New York failed Kalief. The list of things that went wrong in his case begins with his first encounter with the NYPD, whose practice of targeting black teens is well documented. The idea that being accused of stealing a backpack would lead to his arrest and detention would be absurd if it weren’t actually tragic. He should not have been tried as an adult, or had prosecutors, defenders, and judges so overwhelmed with cases that he waited three years for trial, violating his constitutional right to swift justice. He should not have been held in an adult jail where he would spend 700 to 800 days of those three years in solitary confinement. He should not have spent one day being abused by guards or the others incarcerated there.

This Martin Luther King Day, Governor Cuomo publicly released findings from a task force he began last year to raise the age of criminal responsibility to 18. Last year, the U.S. Department of Justice found that the patterns and practices at Rikers violate the human rights of adolescent males in jail. Rikers shouldn’t even have a youth unit. The RNDC, where Kalief spent three years, where 18-year-old Kenan Davis hanged himself this week, should not exist. Right now legislators in Albany are considering legislation that would end the automatic prosecution of 16- and 17-year-olds as adults, and remove youths like Kalief from Rikers and other jails throughout the state. Kalief died because our system is broken, and lawmakers can act now to stop tragedies like this in the future.

Read Legend’s entire essay here.

article by Ariel Cherie via theurbandaily.com

John Legend Launches “Free America” Campaign To End Mass Incarceration

John Legend at Atlanta's Chastain Park Amphitheatre in 2014. (Photo by Robb D. Cohen/Invision/AP)
John Legend at Atlanta’s Chastain Park Amphitheatre in 2014. (Photo by Robb D. Cohen/Invision/AP)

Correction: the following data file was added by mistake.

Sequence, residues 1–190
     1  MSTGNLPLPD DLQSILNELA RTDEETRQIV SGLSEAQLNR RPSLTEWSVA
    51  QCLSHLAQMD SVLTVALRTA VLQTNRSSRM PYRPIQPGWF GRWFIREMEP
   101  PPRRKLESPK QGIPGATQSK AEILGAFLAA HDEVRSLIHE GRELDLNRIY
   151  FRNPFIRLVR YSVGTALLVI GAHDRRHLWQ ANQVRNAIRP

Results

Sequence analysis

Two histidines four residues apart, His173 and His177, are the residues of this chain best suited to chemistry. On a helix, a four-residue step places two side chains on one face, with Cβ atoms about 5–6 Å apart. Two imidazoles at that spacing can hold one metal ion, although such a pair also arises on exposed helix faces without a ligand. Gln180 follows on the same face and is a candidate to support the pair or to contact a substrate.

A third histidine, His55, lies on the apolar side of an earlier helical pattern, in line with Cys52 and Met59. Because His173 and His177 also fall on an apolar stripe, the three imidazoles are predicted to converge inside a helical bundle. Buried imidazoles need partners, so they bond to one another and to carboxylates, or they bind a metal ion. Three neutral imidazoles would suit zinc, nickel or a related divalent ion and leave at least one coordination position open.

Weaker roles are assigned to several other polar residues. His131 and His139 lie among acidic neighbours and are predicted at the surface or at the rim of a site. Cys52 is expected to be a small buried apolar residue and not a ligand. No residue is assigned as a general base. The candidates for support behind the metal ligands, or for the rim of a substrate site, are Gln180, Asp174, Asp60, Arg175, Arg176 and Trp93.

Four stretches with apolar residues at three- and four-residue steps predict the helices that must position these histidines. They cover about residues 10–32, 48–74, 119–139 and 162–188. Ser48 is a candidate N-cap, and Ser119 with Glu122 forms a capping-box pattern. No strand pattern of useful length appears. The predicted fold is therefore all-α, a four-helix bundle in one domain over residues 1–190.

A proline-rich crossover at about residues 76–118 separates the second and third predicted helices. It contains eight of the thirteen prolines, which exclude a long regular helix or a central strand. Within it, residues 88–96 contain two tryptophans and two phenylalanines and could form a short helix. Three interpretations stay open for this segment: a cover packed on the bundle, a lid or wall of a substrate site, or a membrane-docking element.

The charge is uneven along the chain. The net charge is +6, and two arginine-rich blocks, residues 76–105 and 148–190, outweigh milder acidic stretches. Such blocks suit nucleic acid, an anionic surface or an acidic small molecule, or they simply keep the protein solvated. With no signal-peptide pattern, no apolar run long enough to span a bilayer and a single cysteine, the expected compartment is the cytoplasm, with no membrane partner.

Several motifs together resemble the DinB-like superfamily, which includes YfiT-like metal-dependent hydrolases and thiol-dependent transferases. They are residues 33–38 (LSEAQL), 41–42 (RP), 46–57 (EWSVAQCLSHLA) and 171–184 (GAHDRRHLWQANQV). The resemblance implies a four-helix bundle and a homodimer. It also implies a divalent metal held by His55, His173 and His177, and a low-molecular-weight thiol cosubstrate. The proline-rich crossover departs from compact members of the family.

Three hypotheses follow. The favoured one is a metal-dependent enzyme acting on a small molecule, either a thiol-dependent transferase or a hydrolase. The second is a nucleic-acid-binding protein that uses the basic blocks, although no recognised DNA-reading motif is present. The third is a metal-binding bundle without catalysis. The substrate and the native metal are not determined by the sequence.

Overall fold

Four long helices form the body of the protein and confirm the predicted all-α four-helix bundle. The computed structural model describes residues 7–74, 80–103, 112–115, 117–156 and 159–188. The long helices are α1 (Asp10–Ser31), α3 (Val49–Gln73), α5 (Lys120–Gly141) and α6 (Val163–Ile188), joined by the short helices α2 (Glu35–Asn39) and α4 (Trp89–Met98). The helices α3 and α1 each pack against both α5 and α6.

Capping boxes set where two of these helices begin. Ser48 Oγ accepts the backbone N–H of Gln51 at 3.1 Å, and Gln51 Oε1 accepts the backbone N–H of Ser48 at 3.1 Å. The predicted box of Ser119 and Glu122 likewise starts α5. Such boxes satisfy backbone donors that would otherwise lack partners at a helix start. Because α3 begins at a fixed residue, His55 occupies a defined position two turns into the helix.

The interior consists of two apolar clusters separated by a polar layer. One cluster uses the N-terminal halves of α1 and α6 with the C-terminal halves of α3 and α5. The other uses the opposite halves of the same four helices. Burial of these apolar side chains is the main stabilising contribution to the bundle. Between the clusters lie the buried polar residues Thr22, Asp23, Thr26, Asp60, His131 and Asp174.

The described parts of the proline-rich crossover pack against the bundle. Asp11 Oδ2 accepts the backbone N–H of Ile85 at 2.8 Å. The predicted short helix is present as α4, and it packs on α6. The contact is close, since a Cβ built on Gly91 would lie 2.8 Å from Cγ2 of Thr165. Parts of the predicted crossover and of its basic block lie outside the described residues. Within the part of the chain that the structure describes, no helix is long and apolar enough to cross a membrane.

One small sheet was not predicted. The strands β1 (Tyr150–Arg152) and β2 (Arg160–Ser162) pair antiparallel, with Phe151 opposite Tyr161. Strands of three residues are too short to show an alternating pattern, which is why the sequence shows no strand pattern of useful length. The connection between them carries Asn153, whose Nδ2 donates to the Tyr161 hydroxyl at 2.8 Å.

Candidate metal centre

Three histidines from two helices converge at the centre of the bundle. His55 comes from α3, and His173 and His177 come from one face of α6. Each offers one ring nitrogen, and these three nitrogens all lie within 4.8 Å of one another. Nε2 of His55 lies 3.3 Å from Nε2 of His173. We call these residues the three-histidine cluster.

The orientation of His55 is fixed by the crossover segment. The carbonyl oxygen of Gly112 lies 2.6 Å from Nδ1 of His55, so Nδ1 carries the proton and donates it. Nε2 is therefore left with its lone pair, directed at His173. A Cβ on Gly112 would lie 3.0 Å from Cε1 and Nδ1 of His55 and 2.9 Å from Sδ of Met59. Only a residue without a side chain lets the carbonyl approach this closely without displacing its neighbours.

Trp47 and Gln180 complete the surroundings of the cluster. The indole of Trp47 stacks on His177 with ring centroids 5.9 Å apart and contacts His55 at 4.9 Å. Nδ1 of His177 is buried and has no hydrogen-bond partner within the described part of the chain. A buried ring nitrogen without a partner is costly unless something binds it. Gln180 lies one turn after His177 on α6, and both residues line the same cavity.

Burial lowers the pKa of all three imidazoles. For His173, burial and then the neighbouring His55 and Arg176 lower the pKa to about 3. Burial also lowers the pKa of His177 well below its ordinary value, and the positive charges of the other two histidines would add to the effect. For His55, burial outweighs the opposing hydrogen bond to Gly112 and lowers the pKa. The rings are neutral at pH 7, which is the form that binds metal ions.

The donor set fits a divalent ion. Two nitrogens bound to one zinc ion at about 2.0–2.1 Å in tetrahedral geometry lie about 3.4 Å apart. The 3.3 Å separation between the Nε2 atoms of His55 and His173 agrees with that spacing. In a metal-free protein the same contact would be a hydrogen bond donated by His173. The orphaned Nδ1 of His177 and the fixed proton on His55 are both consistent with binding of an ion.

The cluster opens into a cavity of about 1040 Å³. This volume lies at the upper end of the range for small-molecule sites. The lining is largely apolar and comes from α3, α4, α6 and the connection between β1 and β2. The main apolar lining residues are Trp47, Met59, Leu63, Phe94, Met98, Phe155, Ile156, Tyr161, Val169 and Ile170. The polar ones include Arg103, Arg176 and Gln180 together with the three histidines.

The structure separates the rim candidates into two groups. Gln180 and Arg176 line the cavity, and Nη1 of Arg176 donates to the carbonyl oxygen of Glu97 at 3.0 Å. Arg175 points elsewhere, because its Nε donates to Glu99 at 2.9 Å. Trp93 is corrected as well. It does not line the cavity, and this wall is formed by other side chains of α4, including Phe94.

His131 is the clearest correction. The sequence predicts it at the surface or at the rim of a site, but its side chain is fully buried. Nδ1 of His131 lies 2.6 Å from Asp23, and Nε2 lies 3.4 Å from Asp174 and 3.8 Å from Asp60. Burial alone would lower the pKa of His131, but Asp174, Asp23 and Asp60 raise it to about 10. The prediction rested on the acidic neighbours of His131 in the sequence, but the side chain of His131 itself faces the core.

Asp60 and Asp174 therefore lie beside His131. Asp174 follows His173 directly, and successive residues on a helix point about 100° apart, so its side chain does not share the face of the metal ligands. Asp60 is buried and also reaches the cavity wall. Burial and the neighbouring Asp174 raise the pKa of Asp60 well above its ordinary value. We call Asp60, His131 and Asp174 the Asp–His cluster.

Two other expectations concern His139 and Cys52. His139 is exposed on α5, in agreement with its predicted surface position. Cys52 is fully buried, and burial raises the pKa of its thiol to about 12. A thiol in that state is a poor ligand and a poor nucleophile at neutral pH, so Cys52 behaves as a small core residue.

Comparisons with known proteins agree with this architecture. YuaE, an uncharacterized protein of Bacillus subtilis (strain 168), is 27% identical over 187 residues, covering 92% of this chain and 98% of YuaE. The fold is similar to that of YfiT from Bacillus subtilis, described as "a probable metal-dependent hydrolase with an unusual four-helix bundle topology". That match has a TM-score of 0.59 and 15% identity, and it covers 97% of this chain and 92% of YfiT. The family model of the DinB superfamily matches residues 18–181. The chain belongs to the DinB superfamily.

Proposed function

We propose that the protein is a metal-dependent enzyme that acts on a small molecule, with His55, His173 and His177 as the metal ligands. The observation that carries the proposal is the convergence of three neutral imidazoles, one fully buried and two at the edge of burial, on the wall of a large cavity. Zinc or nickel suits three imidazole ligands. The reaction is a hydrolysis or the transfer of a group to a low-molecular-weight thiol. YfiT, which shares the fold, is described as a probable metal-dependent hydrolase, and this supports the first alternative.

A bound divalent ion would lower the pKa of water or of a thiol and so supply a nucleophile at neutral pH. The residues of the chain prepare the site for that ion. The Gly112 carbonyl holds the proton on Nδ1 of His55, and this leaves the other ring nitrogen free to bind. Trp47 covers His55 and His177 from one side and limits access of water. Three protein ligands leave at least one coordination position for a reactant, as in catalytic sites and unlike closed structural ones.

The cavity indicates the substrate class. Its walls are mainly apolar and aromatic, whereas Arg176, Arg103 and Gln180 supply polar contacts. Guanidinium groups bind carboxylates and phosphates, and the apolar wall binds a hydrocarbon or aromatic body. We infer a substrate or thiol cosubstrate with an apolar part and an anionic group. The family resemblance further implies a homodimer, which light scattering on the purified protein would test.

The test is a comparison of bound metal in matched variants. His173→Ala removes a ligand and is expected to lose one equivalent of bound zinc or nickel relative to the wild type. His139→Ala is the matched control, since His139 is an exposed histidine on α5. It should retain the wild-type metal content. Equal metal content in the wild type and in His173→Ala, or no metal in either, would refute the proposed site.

Grammy and Academy Award-winning singer John Legend has launched a campaign to end mass incarceration by announcing today the multiyear initiative, FREE AMERICA.  He will visit and perform at a correctional facility on Thursday in Austin, Texas, where he also will be part of a press conference with state legislators to discuss Texas’ criminal justice system.

“We have a serious problem with incarceration in this country,” Legend said in an interview. “It’s destroying families, it’s destroying communities and we’re the most incarcerated country in the world, and when you look deeper and look at the reasons we got to this place, we as a society made some choices politically and legislatively, culturally to deal with poverty, deal with mental illness in a certain way and that way usually involves using incarceration.”

Legend, 36, will also visit a California state prison and co-host a criminal justice event with Politico in Washington, D.C., later this month. The campaign will include help from other artists — to be announced — and organizations committed to ending mass incarceration.

“I’m just trying to create some more awareness to this issue and trying to make some real change legislatively,” he said. “And we’re not the only ones. There are senators that are looking at this, like Rand Paul and Cory Booker, there are other nonprofits that are looking at this, and I just wanted to add my voice to that.”